A teacher is one who makes himself progressively unnecessary. -Thomas Carruthers


I teach CHEM 1111-General Chemistry I and CHEM 1112- General Chemistry II in Fall and Spring semesters (respectively).

I also teach "The Science of Nuclear Materials" during Fall semesters, and "Nuclear Safeguards and Forensics" during Spring semesters. These are courses within the Elliott School of International Affairs and are aimed at non-technical MS students within the Security Policy Studies and/or International Science and Technology Policy tracks.


PLEASE read my policy on letters of recommendation.

Good grammar matters. Have a look at two of my favorite sites:

The Elements of Style

Common Errors in English

Do not expect a response to any e-mail that uses IM or txt lingo.



Links of special interest to students in the inorganic courses include:

An excellent site at King's College for understanding Close Packed Structures.

More metal structures can be found here.

Making Matter

John Nash's Website at Purdue University is a fantastic Resource.

Rob Torkei's Organometallic Hyper TextBook

It might not be a bad idea to download and install CHIME. This plugin will help you visualize structures through your browser. The above links will do fine without it, but their full potential is best explored with Chime installed.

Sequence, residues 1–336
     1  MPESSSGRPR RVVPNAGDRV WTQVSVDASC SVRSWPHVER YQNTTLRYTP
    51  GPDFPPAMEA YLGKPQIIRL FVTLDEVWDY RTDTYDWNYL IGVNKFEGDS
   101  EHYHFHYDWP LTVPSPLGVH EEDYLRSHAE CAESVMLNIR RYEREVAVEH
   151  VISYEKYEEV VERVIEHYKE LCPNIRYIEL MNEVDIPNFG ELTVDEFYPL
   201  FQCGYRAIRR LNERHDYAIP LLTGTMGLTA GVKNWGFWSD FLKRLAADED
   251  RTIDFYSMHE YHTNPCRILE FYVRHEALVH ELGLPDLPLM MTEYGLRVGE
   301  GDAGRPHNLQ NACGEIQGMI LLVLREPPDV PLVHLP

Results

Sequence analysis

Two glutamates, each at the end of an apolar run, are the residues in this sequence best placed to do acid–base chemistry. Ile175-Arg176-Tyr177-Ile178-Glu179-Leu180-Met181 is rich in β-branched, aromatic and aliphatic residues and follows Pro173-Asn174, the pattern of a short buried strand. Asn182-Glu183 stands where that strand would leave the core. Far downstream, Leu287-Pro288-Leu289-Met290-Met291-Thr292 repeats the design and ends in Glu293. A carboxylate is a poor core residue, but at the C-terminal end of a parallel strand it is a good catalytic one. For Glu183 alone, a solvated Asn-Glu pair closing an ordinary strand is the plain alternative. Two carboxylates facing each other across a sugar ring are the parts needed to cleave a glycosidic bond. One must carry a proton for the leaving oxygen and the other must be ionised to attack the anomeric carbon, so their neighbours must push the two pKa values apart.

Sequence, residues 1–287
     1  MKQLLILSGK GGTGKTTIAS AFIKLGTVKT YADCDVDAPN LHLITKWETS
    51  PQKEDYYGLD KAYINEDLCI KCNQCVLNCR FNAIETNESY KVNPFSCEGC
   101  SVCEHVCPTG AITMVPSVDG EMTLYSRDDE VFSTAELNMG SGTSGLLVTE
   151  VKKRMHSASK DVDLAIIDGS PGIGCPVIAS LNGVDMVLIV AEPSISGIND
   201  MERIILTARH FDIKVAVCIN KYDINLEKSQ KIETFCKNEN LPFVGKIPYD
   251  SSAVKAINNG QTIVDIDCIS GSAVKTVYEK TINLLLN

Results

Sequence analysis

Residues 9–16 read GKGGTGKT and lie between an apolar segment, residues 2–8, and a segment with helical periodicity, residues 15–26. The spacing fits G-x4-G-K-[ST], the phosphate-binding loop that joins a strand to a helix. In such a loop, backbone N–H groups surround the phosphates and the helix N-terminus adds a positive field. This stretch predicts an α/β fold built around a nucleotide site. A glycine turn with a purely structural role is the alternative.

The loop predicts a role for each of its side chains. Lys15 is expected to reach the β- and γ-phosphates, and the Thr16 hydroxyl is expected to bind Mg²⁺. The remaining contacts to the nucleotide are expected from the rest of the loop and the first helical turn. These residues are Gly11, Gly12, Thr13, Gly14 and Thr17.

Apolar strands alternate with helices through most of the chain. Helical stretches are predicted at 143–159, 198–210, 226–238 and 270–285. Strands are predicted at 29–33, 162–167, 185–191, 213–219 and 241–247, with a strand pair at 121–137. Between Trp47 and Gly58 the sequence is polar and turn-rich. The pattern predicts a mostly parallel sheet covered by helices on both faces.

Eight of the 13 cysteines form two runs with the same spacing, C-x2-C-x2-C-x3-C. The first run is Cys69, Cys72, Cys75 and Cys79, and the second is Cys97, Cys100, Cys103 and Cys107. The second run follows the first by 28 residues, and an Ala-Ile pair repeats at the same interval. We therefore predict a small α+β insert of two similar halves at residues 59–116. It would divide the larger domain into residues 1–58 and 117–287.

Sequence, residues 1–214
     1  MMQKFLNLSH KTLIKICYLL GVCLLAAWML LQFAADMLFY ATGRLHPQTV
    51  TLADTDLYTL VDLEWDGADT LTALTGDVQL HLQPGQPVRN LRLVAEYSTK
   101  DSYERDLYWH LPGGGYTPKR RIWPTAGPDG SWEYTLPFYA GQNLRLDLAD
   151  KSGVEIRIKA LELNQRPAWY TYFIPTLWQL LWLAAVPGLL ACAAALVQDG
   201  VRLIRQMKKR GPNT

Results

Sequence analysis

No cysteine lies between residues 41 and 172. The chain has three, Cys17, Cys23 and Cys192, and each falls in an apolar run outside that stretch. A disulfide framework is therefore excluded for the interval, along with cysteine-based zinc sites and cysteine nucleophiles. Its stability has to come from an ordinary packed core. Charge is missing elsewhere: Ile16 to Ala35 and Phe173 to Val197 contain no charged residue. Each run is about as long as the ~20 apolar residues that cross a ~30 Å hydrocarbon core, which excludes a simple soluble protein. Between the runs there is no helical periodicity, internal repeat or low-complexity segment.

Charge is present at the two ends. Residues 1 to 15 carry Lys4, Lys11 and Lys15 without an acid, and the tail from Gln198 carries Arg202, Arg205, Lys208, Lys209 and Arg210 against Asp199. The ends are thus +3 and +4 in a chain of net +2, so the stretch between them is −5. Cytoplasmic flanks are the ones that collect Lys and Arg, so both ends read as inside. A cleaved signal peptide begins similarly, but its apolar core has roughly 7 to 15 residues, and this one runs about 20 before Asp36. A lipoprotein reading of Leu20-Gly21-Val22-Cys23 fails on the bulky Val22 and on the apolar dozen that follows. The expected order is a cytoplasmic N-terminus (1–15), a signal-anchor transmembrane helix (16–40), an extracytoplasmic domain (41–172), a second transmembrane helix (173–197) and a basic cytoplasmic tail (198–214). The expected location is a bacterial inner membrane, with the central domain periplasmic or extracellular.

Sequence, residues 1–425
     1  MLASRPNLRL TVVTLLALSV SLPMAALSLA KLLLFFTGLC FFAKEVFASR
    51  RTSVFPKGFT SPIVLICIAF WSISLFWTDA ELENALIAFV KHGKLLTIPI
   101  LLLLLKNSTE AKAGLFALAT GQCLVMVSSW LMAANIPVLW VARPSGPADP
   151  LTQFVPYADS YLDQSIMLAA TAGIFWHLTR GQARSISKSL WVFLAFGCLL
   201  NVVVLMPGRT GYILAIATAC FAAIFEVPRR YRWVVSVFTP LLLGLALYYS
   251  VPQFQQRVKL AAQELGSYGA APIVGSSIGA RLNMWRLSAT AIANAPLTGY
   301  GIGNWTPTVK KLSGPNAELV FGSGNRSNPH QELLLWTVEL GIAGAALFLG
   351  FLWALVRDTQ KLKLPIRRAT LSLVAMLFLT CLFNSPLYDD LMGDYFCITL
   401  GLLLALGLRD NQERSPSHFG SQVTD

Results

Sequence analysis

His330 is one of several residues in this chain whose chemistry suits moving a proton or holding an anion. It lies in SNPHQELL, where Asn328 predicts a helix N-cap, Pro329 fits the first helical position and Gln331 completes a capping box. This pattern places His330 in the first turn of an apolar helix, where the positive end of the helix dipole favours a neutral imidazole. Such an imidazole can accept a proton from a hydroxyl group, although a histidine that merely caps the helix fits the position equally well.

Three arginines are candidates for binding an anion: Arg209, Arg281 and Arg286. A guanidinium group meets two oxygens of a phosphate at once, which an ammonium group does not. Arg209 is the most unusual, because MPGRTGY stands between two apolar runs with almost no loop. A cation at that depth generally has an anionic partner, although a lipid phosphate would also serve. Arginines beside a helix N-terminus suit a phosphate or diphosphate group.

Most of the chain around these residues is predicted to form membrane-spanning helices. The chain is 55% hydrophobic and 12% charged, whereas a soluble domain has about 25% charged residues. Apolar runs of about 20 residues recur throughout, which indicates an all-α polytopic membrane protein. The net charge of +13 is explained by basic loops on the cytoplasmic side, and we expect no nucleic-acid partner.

Some more cool links related to these courses:

Unit Conversions

What's New- Bob Park

Crystallography 101

An excellent intro to symmetry

If anyone ever wants to know why I like crystallography- think snow!

Excellent Chem Links @ CHEMDEX

Periodic Table

Union of Concerned Scientists

Next Wave- Career Resources for Scientists

Food for Thought? Food 101 was a great column in the Washington Post. The author, Robert Wolke, is a professor emeritus at the University of Pittsburgh. Prof Wolke has written a number of books on food chemistry and related topics.

This is funny.

Check out the Molecule of the Month.


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